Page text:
Comparison of spike and aerosol challenge tests for the recovery of viable influenza virus from non-woven fabrics

Zhili Zuo, Martha de Abin, Yogesh Chander, Thomas H. Kuehn, Sagar M. Goyal, David Y.H. Pui

Research output: Contribution to journalArticlepeer-review

6 Scopus citations


Background: To experimentally determine the survival kinetics of influenza virus on personal protective equipment (PPE) and to evaluate the risk of virus transfer from PPE, it is important to compare the effects on virus recovery of the method used to contaminate the PPE with virus and the type of eluent used to recover it. Methods: Avian influenza virus (AIV) was applied as a liquid suspension (spike test) and as an aerosol to three types of non-woven fabrics [polypropylene (PP), polyester (PET), and polyamide (Nylon)] that are commonly used in the manufacture of PPE. This was followed by virus recovery using eight different eluents (phosphate-buffered saline, minimum essential medium, and 1·5% or 3·0% beef extract at pH 7, 8, or 9). Results: For spike tests, no statistically significant difference was found in virus recovery using any of the eluents tested. Hydrophobic surfaces (PP and PET) yielded higher spiked virus recovery than hydrophilic Nylon. From all materials, the virus recovery was much lower in aerosol challenge tests than in spike tests. Conclusions: Significant differences were found in the recovery of viable AIV from non-woven fabrics between spike and aerosol challenge tests. The findings of this study demonstrate the need for realistic aerosol challenge tests rather than liquid spike tests in studies of virus survival on surfaces where airborne transmission of influenza virus may get involved.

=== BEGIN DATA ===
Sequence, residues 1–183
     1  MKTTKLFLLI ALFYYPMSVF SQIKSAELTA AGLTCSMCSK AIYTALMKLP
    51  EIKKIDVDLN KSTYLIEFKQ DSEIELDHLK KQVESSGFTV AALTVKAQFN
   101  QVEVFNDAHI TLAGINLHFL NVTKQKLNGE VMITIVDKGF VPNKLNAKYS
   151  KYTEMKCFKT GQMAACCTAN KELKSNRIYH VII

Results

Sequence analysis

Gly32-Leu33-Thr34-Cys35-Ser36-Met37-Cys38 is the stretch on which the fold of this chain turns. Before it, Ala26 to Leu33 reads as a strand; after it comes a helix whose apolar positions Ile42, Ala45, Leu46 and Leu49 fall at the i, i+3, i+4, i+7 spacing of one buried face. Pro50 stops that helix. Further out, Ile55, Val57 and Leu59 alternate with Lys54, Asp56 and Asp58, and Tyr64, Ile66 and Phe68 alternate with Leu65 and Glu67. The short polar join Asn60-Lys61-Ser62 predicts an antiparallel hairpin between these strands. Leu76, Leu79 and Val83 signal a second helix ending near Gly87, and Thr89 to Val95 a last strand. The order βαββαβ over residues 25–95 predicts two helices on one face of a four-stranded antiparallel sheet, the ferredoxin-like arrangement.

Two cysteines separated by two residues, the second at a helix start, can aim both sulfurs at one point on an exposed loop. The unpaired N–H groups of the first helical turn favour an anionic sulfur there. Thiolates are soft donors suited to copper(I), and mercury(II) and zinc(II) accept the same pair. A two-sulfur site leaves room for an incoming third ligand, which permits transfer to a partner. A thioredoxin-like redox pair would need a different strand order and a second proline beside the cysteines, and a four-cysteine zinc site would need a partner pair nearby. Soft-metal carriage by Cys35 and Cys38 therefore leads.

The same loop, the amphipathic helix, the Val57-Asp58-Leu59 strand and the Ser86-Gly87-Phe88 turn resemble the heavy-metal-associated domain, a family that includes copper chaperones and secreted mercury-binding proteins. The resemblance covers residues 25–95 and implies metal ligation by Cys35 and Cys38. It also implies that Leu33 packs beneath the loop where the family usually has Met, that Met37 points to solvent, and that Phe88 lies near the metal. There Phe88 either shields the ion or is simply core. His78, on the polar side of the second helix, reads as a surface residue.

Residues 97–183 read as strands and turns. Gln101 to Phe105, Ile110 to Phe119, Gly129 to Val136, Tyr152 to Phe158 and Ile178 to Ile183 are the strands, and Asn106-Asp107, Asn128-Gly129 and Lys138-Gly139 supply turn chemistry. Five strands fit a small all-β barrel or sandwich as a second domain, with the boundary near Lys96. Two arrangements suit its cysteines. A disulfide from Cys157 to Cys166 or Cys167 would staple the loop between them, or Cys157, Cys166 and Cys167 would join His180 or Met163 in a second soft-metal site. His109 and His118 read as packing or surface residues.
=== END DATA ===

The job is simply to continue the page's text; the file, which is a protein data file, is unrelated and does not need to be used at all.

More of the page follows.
Original languageEnglish (US)
Pages (from-to)637-644
Number of pages8
JournalInfluenza and other Respiratory Viruses
Issue number5
StatePublished - Sep 2013


  • Aerosol
  • Influenza virus
  • Non-woven fabrics
  • Personal protective equipment
  • Spike

Fingerprint Dive into the research topics of 'Comparison of spike and aerosol challenge tests for the recovery of viable influenza virus from non-woven fabrics'. Together they form a unique fingerprint.

Cite this